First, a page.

French oil company Total’s new chief will visit oil-rich countries to cement links with their leaders after the sudden death of his predecessor and will go ahead with cost cuts after falling oil prices squeezed third-quarter profits. Europe’s second-largest oil company elevated former refining head Patrick Pouyanne to the top post following the death this month of its charismatic chief executive Christophe de Margerie in a plane crash in Russia.
Pouyanne said he would carry out de Margerie’s plan to reduce capital expenditure and operating costs, aimed at returning more cash to shareholders.
“The recent decrease in the price of Brent highlights the importance of the programmes we launched to reduce costs and control investments to strengthen the resilience of the group,” he said. Third-quarter net adjusted profit fell 2 percent to $3.56 billion, hit by the oil price drop and not quite offset by a sharp increase in refining margins. But it beat the expectations of three analysts for $3.36-$3.37 billion.
“Much of the credit for that goes to the incoming CEO, who has successfully lowered Total’s breakeven point in the (downstream) division via his cost reduction initiatives,” BMO analyst Iain Reid wrote in a note.
Although Total’s much larger exploration and production division would be a harder nut to crack, Pouyanne had a good chance of successfully driving similar reductions across the rest of the business, Reid wrote. Shares in the biggest French company by market value rose as much as 2.2 percent, outperforming a 0.5 percent increase in the European oil and gas sector.
Pouyanne’s priority though is to build contact with key oil-producing countries and he will also embark on a “mini-roadshow” to meet shareholders in Europe and the United States before the end of the year, Total Chief Financial Officer Patrick de La Chevardiere said in a call with reporters.
“He is going to take up his pilgrim’s staff and meet all the important people in our industry abroad,” he said.
De Margerie, the scion of a family of diplomats, had built close relationships with the leaders of oil and gas producing countries such as Qatar, Saudi Arabia and Russia.
Russia – which Total has said would become its biggest source of oil and gas output by 2020 – is likely to be top of Pouyanne’s list. It is one of the top foreign investors there with its $27 billion Yamal LNG project with Novatek but its future has been clouded by Western sanctions against Moscow over the crisis in Ukraine.
De La Chevardiere said the partners were looking for new funding from Chinese, Russian and European investors for Yamal after U.S. sanctions made financing in dollars impossible. It expected to close a deal in the second half of 2015. The fall in the rouble against the dollar and the euro cost the group “several tens of million”, he added.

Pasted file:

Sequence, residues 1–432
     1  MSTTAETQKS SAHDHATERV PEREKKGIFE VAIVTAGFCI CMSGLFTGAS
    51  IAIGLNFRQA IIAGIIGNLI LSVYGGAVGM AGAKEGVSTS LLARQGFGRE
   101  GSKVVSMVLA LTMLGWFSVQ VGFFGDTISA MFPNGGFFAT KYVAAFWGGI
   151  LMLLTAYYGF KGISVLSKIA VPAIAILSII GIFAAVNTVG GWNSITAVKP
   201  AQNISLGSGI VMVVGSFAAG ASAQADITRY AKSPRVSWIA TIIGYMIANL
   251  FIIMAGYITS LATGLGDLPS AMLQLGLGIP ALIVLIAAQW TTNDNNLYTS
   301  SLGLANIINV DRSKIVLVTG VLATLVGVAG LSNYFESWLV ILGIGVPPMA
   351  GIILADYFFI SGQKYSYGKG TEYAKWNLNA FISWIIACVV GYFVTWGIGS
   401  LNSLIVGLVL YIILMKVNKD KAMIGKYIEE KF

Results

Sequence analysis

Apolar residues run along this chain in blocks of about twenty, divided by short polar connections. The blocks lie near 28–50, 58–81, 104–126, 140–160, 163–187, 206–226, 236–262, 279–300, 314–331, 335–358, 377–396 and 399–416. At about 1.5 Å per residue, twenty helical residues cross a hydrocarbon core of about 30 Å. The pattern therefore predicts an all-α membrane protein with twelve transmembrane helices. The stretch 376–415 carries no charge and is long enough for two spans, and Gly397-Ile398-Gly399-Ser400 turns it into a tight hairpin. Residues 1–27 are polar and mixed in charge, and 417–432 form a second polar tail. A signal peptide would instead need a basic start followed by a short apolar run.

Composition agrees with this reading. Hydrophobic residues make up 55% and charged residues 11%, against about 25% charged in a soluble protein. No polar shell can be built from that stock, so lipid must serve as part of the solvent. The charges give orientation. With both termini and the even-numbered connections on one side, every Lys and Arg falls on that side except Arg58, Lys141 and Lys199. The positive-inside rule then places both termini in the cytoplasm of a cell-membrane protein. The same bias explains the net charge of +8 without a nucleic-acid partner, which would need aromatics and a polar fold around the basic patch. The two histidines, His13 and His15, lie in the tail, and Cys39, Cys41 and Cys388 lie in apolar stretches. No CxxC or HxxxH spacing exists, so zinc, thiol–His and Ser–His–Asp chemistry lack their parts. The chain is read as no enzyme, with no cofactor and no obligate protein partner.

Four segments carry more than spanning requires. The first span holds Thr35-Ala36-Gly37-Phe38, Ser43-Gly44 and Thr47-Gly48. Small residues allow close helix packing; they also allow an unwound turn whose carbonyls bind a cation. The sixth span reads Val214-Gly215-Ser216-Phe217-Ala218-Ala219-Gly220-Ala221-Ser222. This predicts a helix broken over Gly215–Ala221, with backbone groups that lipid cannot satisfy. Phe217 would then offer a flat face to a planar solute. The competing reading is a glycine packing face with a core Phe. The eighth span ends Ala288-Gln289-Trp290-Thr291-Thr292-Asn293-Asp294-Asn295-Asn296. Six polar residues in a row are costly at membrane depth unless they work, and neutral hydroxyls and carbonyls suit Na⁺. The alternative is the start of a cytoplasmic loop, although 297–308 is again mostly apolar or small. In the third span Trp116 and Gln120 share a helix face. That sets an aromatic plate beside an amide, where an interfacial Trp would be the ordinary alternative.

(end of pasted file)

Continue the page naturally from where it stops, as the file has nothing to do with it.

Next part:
De La Chevardiere also said the impact of lower oil prices would start to be felt more strongly in the fourth quarter. A $10 drop in Brent prices translates into a $1.5 billion drop in net profit over a year, he added. Oil companies have seen billions wiped off their stock market values as crude prices dropped by 25 percent over the past four months to a four-year low of near $85 a barrel due to slowing global demand and ample supplies.
Total’s oil and gas production fell 8 percent compared with the same quarter a year ago, to 2.122 million barrels of oil equivalent per day (boepd), mainly due to the expiry of an exploration concession in Abu Dhabi. Output was up compared with the second quarter however, and de La Chevardiere said production was set to reach 2.2 million boepd by the end of the year and stuck to a 2015 production target of 2.3 million boepd.
The start-up of the CLOV project in Angola, which reached a production plateau of more than 160,000 barrels earlier than expected, he said, boosted production this quarter and should be fully reflected in the fourth quarter. Total’s CFO also said the group was expecting to sign confidentiality agreements with about a dozen prospective buyers for the sale of its 20 percent stake in Nigeria’s Usan field.
Adjusted net profit in the refining and chemicals unit rose 70 percent, only partly offsetting a 10 percent drop in the upstream business and a 16 percent fall in the marketing and services unit – mainly petrol stations. Third-quarter revenue fell 2 percent year-on-year to $60.36 billion, while adjusted cash flow from operations was down 7 percent to $6.74 billion.
The group kept its quarterly dividend at 0.61 euros per share, as in previous quarters this year.